Big Data and its co-conspirator — the data scientist — are grabbing a lot of headlines these days. To be sure, the piles of data available for analysis and true mining for value are enormous. Petabytes, exabytes, whatever. Search for articles on the subject, and you'll find mentions of Twitter, Facebook, Yahoo, LinkedIn, and the other usual suspects. I had a conversation the other day discussing the amount of data in daily extracts from DNS servers. Lots of fascinating activities.
I have Big Data challenges of my own, but they aren't related to social media. I'm not going to mine Twitter for sentiment analysis. At least not in the confines of my current employment; however, I do have big opportunities to take advantage of the data I have access to. And they're not web logs, url requests, or "likes."
One statistician described big data as "a teeming multitude of variables and an army of observations." That's actually much closer to my experience, especially the "army of observations" part. Whereas previously we would make comments like, "How great would it be to have actual data on <insert question here>?" Now we struggle with "What is our highest priority question to answer, and are we collecting enough data to effectively answer it?"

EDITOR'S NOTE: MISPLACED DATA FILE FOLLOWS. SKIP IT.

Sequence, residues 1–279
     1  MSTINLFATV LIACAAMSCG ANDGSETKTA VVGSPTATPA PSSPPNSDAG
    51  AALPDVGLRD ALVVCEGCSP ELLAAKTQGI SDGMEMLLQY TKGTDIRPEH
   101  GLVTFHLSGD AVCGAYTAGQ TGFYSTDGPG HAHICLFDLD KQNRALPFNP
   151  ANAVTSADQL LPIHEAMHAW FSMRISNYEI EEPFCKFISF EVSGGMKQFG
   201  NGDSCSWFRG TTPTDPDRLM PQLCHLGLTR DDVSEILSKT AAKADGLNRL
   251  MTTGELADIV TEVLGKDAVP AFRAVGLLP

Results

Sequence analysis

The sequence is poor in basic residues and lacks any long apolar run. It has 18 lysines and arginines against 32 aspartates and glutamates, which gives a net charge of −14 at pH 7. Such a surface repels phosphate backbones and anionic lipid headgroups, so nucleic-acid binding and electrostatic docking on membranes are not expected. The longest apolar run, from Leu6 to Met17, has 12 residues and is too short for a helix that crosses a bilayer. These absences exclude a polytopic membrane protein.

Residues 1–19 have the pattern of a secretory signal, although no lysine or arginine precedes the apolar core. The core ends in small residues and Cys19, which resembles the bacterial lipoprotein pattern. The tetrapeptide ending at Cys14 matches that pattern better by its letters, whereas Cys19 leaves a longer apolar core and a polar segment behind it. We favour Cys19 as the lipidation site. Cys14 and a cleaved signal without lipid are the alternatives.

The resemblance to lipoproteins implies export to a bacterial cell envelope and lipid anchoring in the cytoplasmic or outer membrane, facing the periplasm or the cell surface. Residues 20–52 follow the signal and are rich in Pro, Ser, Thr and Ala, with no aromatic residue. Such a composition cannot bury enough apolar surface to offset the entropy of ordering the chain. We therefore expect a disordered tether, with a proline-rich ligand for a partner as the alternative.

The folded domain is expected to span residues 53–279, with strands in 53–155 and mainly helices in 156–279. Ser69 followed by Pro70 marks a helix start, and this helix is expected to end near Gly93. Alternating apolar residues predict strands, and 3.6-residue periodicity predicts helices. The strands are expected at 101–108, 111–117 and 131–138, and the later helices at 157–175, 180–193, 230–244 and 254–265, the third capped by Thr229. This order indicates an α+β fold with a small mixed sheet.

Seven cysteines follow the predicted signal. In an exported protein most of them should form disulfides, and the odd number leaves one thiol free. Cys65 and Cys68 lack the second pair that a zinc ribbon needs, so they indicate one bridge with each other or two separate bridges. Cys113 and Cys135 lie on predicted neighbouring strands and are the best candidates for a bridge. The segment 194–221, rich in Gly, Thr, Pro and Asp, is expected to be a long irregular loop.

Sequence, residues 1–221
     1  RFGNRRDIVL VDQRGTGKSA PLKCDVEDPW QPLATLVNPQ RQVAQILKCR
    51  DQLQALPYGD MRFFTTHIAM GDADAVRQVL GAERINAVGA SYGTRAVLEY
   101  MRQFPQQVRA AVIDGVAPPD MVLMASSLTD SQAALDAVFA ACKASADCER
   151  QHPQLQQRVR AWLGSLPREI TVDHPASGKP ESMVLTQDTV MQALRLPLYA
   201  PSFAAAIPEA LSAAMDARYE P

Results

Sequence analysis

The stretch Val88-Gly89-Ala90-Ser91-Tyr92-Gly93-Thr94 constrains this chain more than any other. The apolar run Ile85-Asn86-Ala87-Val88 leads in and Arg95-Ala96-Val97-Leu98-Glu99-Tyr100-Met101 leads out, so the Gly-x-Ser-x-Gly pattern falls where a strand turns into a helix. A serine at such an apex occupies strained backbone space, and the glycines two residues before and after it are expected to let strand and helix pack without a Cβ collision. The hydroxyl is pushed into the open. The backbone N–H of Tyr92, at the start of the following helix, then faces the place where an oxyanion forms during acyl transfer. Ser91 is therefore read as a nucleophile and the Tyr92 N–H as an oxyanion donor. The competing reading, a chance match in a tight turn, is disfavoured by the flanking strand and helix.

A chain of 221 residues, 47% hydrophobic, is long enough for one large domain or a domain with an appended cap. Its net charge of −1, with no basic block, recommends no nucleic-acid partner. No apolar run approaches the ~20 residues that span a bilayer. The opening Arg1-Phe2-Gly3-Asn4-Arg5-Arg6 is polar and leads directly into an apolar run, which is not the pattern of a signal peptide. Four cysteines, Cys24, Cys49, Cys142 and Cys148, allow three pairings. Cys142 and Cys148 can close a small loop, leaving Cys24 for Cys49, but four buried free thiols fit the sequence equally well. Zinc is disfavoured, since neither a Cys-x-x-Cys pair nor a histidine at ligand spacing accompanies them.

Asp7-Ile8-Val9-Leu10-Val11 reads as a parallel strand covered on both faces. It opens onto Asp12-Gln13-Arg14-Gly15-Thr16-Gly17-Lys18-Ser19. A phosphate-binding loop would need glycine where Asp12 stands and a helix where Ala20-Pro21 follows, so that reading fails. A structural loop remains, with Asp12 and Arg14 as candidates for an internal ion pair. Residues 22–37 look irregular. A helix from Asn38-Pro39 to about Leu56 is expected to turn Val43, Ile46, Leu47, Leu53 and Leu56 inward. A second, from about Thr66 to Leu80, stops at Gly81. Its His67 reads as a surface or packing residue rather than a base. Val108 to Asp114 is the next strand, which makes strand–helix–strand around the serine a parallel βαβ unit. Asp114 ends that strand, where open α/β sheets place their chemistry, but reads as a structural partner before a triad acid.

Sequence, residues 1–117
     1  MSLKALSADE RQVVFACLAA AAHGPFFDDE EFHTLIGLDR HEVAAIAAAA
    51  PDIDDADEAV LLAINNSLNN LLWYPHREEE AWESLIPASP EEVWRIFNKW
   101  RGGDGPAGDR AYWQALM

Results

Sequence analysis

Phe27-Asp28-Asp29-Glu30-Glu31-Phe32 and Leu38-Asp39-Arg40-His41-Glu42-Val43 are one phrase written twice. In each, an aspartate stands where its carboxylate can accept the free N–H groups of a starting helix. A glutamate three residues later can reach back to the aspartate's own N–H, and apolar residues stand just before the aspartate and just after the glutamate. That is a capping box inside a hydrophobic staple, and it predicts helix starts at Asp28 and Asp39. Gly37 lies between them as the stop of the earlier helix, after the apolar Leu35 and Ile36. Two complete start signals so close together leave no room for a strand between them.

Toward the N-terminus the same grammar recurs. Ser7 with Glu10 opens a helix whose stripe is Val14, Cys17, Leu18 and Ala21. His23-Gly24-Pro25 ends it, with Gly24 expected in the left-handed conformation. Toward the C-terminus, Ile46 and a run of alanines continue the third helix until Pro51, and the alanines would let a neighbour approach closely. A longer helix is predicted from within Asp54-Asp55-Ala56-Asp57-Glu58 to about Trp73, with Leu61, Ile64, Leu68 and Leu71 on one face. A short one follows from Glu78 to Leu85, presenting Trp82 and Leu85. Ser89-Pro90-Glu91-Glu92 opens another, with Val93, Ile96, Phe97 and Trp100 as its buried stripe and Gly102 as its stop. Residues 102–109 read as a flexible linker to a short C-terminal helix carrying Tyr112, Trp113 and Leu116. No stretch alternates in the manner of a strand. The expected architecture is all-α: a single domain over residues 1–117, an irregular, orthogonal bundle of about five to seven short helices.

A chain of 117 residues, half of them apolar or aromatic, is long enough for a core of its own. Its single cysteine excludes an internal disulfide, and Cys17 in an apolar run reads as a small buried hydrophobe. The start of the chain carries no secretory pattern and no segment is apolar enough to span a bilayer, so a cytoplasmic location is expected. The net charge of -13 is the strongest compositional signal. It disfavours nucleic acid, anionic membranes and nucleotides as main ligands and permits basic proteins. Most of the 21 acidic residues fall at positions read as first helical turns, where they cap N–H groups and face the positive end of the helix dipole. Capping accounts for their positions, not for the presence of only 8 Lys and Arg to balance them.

My Big Data focus is prioritizing the questions that will drive the most business value. Defining the parameters of business value is a topic for another day.
For additional reading on the topic, I really enjoyed this post, discussing how to turn Big Data into Big Analytics.